14. How does Pamuk’s personal history, as well as the plots of some novels, mirror the complicated history of Turkey? Consider such topics as: the decline and dissolution of the once powerful Ottoman Empire; the sweeping changes initiated by Atatürk in the 1920s; the conflicting desires to preserve Turkey’s distinctive heritage and to become more active in the global community; and the rise of fundamentalist Islam throughout Middle East today.
15. In discussing the importance of novels, Pamuk says, “Modern societies, tribes, and nations do their deepest thinking about themselves by reading novels; through reading novels, they are able to argue about who they are” (Other Colors, page 233). Do you agree? What can novels provide that nonfiction books and other media do not?
(For a complete list of available reading group guides, and to sign up for the Reading Group Center enewsletter, visit www.readinggroupcenter.com)
Most Helpful Customer Reviews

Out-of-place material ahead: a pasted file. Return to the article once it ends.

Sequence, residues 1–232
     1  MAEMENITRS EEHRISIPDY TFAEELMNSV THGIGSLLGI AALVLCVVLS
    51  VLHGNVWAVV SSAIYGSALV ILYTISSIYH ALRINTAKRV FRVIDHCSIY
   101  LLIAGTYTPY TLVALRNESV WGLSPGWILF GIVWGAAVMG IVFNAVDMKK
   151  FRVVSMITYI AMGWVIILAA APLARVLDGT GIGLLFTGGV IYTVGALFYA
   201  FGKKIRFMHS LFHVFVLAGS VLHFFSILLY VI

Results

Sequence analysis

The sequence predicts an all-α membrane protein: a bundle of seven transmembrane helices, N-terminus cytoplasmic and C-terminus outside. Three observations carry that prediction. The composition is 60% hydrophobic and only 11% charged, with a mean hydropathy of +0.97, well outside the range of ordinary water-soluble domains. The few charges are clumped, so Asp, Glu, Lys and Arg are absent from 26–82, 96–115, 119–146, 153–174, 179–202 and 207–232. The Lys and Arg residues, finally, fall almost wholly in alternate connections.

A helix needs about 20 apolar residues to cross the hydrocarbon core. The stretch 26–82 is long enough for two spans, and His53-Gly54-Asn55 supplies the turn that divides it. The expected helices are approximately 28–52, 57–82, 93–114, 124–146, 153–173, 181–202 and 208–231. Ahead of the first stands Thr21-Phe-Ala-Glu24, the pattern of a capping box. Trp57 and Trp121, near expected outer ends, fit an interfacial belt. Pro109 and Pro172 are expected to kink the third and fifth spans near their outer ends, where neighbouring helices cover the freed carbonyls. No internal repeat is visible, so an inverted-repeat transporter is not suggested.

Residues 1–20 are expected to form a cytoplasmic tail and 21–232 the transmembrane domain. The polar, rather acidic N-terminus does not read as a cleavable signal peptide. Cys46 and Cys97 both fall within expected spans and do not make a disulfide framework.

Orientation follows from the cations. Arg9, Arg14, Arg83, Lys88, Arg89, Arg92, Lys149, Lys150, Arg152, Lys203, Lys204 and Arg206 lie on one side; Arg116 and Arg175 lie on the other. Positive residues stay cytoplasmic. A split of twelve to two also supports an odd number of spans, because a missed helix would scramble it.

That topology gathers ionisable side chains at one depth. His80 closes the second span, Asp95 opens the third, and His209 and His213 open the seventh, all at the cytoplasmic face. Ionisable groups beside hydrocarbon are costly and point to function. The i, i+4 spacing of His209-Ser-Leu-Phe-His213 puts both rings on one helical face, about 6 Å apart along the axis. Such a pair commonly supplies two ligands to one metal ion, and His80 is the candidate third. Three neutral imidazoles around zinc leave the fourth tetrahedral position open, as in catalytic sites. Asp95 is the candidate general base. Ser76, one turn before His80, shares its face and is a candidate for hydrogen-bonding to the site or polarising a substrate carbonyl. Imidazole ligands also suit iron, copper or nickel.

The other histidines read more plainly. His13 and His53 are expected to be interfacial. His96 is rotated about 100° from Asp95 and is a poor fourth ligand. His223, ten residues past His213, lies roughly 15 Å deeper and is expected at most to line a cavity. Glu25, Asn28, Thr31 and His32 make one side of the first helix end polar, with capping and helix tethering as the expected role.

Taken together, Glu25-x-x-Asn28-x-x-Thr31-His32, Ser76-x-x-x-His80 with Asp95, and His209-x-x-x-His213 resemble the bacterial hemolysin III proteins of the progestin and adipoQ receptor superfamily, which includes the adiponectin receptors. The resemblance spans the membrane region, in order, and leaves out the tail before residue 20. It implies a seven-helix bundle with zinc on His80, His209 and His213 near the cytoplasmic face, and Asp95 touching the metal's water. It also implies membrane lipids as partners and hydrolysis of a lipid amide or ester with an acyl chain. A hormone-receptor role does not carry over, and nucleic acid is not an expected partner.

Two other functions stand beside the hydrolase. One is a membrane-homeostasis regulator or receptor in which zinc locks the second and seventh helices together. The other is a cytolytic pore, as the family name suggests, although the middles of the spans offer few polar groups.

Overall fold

This book by Orhan Pamuk was published after he won the Nobel Prize in Literature in 2006. The title is a reference to the titles of his other books, most of which contain a color in their names. For example, The White Castle, The Black Book, and My Name is Red. Pamuk says Other Colors is a compilation of essays organized in such a way that they mimic the narrative flow of a novel. He includes essays on his love of books, his favorite authors such as Dostoyevsky, Turkish politics, and his relationship with his father.While this book is one of the less satisfying of the many published by Pamuk, it reveals many sides of him as a writer. He says he always wanted to be a novelist, and so he has made himself famous through his novels. As a collection of short essays, this book reveals why he has not earned much success as an essayist. Many of these pieces are clearly writing exercises or thought pieces that Pamuk perhaps uses as warm ups to his novel writing. They provide brief and not very deep or powerful reflections on a variety of topics of interest to Pamuk. Most of these essays are forgetable.Still, we learn much about Pamuk and we see some of his true gifts as a writer come through. He has an uncanny ability to be intimate and tender with his reader. He says he locks himself in a room ten hours a day every day. It is a lonely life, one that he questions regularly in these essays. But it is one that creates a stillness necessary for a writer to communicate one-on-one with his or her reader.Pamuk was twenty-three when he abandoned a potential career as an architect and decided to become a novelist. It wasn't until he was about 27 that he wrote his first novel, Cevdet Bey and Sons, which is not yet translated into English. His next book, The White Castle, was published when he was thirty. This second book launched his writing career. It is sobering to learn how much time it took for Pamuk to achieve the fame he needed to convince others he could be a writer. Thirty years later, he became the second youngest person to receive the Nobel Prize for Literature.